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Andreas P. Weigel, Daniel Baggenstos, Mark A. Liniger, Frédéric Vitart, and Christof Appenzeller

skill. It is therefore one of the objectives of this study to define and set up a fully probabilistic verification context that corrects for the problem of intrinsic unreliability without ignoring true (i.e., model induced) reliability deficits, and that allows to jointly consider small hindcast ensembles and large forecast ensembles in the verification. Building upon the work of Vitart (2004) , we then apply this verification approach to systematically assess the skill of probabilistic MOFC near

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Jingzhuo Wang, Jing Chen, Jun Du, Yutao Zhang, Yu Xia, and Guo Deng

error. They further demonstrated that including a model-error representation (stochastic physics) in an EPS can reduce model bias. Rodwell et al. (2016) even tried to understand how systematic and random errors contribute to forecast reliability. However, all these past studies have focused on improving forecast performance, especially reliability, rather than verifying an EPS. The purpose of this study is focusing on how to correctly verify an EPS. Since an EPS is designed to deal with a random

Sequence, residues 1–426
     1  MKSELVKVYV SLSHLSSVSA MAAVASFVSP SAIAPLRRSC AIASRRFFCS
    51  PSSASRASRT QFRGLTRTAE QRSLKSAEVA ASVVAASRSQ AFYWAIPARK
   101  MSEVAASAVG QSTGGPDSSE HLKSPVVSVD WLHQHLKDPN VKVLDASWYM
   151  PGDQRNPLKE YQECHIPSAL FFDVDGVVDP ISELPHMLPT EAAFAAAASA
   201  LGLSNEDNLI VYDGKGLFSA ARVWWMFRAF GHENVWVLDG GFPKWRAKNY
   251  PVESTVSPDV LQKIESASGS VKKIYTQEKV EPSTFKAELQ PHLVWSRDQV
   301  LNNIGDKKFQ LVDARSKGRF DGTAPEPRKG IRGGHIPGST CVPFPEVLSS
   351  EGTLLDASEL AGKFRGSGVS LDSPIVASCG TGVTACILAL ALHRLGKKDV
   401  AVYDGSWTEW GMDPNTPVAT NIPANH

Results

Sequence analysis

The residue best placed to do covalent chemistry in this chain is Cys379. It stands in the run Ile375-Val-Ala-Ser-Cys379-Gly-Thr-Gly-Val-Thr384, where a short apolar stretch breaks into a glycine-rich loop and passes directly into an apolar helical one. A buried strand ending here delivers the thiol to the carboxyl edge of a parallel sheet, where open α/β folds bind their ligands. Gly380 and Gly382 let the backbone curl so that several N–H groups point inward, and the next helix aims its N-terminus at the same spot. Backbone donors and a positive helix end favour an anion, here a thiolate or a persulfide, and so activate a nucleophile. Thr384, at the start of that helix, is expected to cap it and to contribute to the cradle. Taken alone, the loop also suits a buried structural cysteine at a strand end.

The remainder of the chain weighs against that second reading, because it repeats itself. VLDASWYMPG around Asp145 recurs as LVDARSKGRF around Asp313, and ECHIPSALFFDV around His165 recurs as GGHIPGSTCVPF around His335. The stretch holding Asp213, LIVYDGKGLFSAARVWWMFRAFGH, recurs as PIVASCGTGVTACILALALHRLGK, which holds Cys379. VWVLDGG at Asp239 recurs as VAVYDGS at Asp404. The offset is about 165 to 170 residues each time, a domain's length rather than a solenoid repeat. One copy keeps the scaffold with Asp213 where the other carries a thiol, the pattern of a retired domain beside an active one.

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Eric Gilleland, David Ahijevych, Barbara G. Brown, Barbara Casati, and Elizabeth E. Ebert

1. Introduction Small-scale variability in high-resolution weather forecasts presents a challenging problem for verifying forecast performance. Traditional verification scores provide incomplete information about the quality of a forecast because they only make comparisons on a point-to-point basis with no regard to spatial information [ Baldwin and Kain (2006) ; Casati et al. (2008) ; see Wilks (2005) and Jolliffe and Stephenson (2003) for more on traditional verification scores]. For